stimulate the economy in the US more than once in the last decade, while Japan also tried to boost growth in the 1990s through an expansionary fiscal policy. In Europe, the Stability and Growth Pact has been recently re-interpreted in a way that facilitates the countercyclical use of fiscal policy. The importance of fiscal policy as a tool to stimulate the economy in a downturn was also recently stressed by the IMF’s Managing Director, who stated “But in a sense, medium-tem fiscal policy is all about saving for a rainy day. It is now raining” (Strauss-Kahn 2008). Our results show that, if a given reduction in public spending and total revenue collection is achieved by a consumption (rather than income) tax rate reduction, the impact on domestic output is larger in the very short run but smaller in the medium and long run.
The importance of the issues on which we focus has obviously not escaped previous contributions. Most of the papers in the tax reform literature use closed-economy endogenous growth or neoclassical models to ascertain the existence of dynamic Laffer effects. Ireland (1994) finds that in an endogenous growth model an income tax reduction from an original rate of 20 percent generates a dynamic Laffer effect as long as the new rate is greater than 7.6 percent. Pecorino (1995) criticizes Ireland (1994) for not taking into account that returns from human capital accumulation are less highly taxed compared to other income sources, and shows that if this is taken into account dynamic Laffer effects only emerge for initial levels of tax rates of the order of 60 percent. Novales and Ruiz (2002) extend Ireland (1994) and Pecorino (1995) by explicitly taking into account transitional dynamics between balanced growth paths. They show that dynamic Laffer effects can arise for reductions of income tax rates of up to 5 percentage points starting from an initial rate of 23 percent. Bruce and Turnovsky (1999) stress that Ireland’s result rely on an implausibly high (greater than unity) intertemporal elasticity of substitution and that dynamic Laffer effects can be ruled out under more realistic parameterizations.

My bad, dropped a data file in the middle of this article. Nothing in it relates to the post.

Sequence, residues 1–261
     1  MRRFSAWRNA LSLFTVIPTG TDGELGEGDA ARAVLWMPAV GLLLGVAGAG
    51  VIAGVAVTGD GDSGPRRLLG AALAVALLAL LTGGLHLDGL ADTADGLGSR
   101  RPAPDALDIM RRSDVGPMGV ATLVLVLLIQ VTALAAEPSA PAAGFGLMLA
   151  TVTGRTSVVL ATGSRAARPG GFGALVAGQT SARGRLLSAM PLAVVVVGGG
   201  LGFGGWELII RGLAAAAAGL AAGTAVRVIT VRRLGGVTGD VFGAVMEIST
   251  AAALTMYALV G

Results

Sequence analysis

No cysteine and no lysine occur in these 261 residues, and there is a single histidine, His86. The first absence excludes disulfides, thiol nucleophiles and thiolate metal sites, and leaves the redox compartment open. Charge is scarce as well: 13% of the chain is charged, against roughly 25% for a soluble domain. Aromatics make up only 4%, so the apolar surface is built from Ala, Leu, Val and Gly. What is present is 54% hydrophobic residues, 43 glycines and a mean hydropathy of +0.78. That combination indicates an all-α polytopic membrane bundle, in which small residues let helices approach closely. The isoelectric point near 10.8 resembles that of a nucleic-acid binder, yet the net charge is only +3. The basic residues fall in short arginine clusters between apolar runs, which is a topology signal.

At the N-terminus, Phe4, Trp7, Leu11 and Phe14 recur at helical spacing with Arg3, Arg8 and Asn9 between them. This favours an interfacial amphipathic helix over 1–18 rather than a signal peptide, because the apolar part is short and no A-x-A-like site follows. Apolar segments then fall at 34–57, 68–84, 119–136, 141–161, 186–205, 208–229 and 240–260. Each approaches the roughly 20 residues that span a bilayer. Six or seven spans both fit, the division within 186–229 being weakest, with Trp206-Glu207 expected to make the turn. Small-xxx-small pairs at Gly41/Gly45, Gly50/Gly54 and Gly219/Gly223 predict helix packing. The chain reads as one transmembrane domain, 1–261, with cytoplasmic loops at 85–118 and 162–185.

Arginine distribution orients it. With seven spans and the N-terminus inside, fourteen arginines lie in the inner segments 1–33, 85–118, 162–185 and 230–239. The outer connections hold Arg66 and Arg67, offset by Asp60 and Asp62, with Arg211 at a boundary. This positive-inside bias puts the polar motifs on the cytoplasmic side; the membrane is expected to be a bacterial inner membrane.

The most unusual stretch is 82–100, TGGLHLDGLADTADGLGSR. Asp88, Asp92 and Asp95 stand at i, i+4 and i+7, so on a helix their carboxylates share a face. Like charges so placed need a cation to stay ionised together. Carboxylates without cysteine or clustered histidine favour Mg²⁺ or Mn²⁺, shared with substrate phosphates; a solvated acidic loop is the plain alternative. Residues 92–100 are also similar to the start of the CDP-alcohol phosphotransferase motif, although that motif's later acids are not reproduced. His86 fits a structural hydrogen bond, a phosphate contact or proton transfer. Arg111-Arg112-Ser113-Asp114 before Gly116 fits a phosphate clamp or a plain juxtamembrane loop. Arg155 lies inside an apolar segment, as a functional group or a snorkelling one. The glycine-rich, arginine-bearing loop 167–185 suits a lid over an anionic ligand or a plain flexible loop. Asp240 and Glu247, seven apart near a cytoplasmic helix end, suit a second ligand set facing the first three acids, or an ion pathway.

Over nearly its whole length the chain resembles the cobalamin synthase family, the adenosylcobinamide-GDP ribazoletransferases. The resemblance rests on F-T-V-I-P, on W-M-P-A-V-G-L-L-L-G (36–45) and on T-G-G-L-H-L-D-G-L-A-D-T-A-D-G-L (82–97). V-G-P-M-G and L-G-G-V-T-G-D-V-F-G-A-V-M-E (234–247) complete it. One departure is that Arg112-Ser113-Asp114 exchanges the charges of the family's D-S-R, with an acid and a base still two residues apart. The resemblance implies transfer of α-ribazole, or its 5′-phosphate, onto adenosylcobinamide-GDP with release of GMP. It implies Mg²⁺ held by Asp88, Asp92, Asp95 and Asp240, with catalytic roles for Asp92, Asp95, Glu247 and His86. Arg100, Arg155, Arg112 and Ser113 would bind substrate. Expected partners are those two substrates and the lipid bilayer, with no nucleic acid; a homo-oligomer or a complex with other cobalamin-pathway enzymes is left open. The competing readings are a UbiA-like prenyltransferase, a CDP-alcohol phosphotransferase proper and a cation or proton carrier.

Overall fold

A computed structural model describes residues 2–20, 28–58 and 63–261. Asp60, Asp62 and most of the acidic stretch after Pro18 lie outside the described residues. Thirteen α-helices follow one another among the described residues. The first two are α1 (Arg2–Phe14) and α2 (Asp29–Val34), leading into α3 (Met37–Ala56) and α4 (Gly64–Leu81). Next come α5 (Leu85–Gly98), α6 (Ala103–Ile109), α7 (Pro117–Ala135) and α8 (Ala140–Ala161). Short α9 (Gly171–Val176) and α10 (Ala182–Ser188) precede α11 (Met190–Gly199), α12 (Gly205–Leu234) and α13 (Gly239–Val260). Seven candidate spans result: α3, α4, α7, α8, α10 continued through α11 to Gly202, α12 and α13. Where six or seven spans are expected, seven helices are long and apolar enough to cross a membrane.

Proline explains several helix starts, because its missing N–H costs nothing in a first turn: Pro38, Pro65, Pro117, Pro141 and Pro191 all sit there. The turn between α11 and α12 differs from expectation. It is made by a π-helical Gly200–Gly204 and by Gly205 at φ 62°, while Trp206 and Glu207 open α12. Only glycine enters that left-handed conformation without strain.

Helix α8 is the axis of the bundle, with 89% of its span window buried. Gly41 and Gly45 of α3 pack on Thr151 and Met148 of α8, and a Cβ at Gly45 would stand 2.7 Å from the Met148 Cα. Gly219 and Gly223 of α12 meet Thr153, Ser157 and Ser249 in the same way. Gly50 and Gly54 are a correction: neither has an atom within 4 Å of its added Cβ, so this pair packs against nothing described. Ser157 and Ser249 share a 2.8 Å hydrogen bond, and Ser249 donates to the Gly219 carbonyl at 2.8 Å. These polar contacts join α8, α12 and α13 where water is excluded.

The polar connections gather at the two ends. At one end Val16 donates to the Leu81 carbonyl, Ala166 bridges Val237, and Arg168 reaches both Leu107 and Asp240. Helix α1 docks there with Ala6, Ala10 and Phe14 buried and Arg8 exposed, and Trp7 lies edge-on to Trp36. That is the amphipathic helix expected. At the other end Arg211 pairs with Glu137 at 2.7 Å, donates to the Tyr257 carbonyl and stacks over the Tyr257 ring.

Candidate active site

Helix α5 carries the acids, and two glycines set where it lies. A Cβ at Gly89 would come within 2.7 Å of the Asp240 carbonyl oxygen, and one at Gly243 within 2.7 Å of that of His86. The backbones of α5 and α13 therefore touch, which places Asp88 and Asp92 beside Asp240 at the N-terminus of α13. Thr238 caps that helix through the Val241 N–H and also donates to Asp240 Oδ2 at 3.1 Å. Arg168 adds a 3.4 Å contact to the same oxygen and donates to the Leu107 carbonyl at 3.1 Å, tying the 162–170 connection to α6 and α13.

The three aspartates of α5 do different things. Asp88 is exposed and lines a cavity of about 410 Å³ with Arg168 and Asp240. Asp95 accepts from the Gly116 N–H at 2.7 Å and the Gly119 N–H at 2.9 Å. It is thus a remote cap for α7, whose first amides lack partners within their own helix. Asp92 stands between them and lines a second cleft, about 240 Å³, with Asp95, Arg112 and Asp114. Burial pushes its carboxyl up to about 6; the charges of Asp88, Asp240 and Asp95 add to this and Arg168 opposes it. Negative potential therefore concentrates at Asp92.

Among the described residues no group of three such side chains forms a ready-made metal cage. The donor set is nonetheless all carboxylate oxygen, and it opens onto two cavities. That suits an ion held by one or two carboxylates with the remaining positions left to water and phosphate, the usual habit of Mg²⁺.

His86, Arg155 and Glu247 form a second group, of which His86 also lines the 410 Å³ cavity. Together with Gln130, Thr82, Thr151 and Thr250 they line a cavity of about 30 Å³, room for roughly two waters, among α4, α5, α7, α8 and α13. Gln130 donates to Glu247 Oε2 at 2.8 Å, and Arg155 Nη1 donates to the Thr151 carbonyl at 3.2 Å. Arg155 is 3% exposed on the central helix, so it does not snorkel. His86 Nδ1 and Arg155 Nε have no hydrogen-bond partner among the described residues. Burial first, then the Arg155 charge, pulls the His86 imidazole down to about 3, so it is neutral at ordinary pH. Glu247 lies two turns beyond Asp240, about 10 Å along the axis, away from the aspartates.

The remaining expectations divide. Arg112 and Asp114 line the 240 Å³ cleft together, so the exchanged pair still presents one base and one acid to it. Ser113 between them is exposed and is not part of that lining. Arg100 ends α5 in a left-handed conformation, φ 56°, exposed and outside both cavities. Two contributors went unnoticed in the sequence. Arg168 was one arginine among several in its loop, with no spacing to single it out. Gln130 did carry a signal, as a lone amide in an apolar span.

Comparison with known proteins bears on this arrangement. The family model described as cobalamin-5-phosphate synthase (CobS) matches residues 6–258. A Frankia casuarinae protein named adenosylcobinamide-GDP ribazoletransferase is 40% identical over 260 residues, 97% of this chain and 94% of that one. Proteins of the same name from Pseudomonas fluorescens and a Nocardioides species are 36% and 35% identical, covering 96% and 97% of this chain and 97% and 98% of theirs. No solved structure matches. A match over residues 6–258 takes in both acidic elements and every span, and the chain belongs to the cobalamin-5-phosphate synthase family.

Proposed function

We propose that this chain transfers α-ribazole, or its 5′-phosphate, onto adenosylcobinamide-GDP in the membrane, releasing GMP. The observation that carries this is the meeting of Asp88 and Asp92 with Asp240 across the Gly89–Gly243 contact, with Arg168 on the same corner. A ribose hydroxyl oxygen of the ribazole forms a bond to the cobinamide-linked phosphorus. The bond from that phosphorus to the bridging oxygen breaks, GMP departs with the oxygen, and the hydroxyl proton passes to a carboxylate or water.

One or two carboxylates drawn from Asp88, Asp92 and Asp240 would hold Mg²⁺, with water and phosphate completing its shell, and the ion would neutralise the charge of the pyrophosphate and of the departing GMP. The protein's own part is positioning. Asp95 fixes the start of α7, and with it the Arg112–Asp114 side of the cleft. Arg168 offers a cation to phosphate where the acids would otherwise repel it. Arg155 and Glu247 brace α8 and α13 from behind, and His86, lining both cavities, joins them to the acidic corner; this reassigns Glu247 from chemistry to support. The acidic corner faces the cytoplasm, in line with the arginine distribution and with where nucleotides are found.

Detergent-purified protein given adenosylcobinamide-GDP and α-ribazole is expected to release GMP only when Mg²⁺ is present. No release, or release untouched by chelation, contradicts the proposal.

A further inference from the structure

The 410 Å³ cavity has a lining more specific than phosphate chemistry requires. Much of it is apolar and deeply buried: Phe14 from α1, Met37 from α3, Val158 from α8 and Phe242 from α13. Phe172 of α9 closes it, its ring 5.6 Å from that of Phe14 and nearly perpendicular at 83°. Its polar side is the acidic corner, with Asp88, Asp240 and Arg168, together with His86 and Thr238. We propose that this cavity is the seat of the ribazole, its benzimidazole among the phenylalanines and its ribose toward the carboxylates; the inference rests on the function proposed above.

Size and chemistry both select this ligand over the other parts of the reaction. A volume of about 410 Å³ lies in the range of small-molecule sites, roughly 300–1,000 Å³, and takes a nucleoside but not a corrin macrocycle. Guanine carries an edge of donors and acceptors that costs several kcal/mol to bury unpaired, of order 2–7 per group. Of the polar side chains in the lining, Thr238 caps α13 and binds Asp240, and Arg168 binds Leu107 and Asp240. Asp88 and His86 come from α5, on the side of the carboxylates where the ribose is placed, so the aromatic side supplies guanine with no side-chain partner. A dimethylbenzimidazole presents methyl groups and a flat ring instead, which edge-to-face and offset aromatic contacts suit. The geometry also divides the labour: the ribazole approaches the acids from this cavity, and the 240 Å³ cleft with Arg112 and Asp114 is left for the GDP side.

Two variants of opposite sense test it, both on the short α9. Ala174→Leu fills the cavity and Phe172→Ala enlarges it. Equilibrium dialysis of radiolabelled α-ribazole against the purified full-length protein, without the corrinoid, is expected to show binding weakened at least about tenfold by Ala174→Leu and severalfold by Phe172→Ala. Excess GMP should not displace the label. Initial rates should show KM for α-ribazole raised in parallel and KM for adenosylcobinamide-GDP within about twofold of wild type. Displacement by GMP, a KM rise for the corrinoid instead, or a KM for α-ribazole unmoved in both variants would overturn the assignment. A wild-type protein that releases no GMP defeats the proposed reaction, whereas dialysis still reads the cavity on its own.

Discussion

Dynamic Laffer effects are likely to emerge in literature discussed above because, under the assumption of endogenous growth, the growth impact of tax cuts are large. This is not necessarily the case in neoclassical Real Business Cycle (RBC) models, in which the issue is rather how much of the tax cut pays for itself. Accordingly, Mankiw and Weinzierl (2006) have recently shifted the research focus, in a neoclassical setting, from dynamic Laffer effects to the degree of self-financing, in the sense of how much of the “partial equilibrium” revenue loss is paid for by growth (see section IV.A below for the formal definition). Using this methodology, they calibrate a neoclassical growth model to the US, finding that 17 percent of a labor income tax cut is self-financing for standard parameter values, a magnitude close to the one (19 percent) calculated by Trabandt and Uhlig (2006) in a similar exercise.
Compared to the above mentioned closed-economy papers, one innovation of our contribution is that of jointly analyzying the macroeconomic and budgetary implications of tax reforms in an open economy framework. This allows us, in the spirit of Frankel and Razin (1989), to study the domestic and international impact of unilateral tax reforms in a